According to the U.S. Centers for Disease Control and Prevention (CDC), approximately 18 million people in the United States suffer from Peripheral Artery Disease (PAD), a common circulatory problem in which plaque builds up in the arteries that carry blood to your head, organs and limbs. Over time, plaque can harden and narrow the arteries limiting blood flow to your organs and other parts of your body.
Approximately 160,000 to 180,000 of the estimated 18 million Americans with PAD will undergo a limb amputation as result of PAD-related condition this year, resulting in lower quality of life, high medical costs, and shorter life expectancy. But even with these alarming numbers, general population awareness of PAD is estimated at only 25 percent.
As a vascular specialist, Majdi Ashchi, DO, FACC, FSCAI, FABVM, FSVM has treated hundreds of PAD patients over the course of his 30-year career, so he knows the importance of recognizing PAD as soon as possible. With today’s technology, minimally invasive procedures can be performed in our outpatient cath lab to improve artery flow significantly and ultimately save limbs.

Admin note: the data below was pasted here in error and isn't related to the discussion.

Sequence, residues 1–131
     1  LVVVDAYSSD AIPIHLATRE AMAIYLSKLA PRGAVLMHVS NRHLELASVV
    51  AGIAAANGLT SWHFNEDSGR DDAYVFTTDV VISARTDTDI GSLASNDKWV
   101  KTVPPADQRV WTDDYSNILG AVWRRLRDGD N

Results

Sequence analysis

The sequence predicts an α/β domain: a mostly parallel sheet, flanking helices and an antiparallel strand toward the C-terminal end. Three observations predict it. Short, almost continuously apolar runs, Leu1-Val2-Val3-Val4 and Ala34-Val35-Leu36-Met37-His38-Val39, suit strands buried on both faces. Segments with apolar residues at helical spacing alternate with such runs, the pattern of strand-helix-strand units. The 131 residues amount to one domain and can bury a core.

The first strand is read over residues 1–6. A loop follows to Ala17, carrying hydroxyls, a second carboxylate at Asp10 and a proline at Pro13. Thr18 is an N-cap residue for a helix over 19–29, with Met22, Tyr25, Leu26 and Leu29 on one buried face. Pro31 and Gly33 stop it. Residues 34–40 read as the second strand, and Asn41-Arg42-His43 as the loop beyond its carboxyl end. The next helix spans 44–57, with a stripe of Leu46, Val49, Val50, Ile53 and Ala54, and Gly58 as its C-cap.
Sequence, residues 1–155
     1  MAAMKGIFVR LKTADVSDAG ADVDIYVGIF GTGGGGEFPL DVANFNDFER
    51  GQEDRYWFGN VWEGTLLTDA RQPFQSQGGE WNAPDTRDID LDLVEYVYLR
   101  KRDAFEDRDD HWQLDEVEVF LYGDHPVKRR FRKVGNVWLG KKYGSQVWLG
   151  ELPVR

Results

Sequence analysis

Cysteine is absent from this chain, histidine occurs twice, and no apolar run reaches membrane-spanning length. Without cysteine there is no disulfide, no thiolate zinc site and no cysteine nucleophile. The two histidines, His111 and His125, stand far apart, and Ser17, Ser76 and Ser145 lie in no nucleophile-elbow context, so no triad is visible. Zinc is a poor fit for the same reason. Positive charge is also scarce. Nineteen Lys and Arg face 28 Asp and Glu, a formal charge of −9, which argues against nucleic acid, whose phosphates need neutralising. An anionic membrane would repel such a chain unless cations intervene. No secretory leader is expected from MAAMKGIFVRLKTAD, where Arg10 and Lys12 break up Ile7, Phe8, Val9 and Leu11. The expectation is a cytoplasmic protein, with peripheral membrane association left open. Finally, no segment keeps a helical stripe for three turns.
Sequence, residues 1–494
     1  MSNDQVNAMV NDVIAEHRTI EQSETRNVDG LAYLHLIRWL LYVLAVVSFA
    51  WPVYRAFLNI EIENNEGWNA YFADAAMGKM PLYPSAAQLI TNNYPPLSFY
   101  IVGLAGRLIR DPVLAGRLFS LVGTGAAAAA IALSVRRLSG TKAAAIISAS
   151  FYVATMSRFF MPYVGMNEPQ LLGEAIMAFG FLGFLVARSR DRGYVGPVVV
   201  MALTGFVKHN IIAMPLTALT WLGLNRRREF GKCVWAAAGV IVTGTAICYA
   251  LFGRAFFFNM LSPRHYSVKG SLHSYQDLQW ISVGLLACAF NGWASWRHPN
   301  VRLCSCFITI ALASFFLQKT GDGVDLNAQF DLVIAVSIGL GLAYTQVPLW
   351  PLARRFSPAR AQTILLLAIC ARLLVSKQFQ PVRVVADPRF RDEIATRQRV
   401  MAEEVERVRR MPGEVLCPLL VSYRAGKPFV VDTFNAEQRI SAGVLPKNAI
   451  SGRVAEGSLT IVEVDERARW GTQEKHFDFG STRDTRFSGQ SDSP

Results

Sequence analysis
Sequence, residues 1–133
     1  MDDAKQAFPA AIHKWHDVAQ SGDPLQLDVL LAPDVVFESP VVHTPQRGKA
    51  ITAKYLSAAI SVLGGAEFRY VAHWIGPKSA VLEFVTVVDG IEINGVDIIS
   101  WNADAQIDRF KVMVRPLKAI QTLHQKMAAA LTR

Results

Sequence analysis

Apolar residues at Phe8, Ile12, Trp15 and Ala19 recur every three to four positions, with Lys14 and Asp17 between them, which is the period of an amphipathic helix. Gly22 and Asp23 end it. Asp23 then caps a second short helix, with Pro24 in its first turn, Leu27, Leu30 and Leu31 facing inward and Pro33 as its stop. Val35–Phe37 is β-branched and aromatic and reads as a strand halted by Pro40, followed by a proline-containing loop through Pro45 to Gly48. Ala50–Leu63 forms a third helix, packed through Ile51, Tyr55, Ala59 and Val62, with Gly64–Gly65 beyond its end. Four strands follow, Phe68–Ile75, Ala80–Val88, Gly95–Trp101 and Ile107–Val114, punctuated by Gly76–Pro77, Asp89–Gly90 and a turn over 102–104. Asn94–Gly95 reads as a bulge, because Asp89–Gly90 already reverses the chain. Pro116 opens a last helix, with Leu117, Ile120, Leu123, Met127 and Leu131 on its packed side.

Whether you’ve just started a new exercise program, or are trying to reach new fitness goals, you may find yourself experiencing some degree of chest pains. Yes, your workouts should feel challenging, but chest pain during a workout is never normal.
If you are experiencing chest pain during a workout, stop, let someone know, and call 911. If you exercise regularly and experience extreme fatigue or shortness of breath that is atypical for you, these could also be warning signs of underlying heart disease.
Baked Chicken Strips with Microwave Green Beans
Courtesy of the American Heart Association’s Simple Cooking with Heart Program
Here’s a healthy twist on a fast food favorite! Whole grains are hiding in these oven-baked chicken strips breaded with whole-wheat flour and oats, for a tasty crunch kids (and adults!) will love.
Language barriers can make it more difficult for patients to receive effective medical care. Ashchi Heart & Vascular Center extends our commitment to personalized health care by meeting the unique cultural needs of our patients. Our staff speaks multiple languages including Arabic, Bosnian, English, Hebrew, Persian, Russian, Spanish and Tagalog. If you would like to have a medical interpreter during your appointment, please let us know your needs when scheduling your appointment.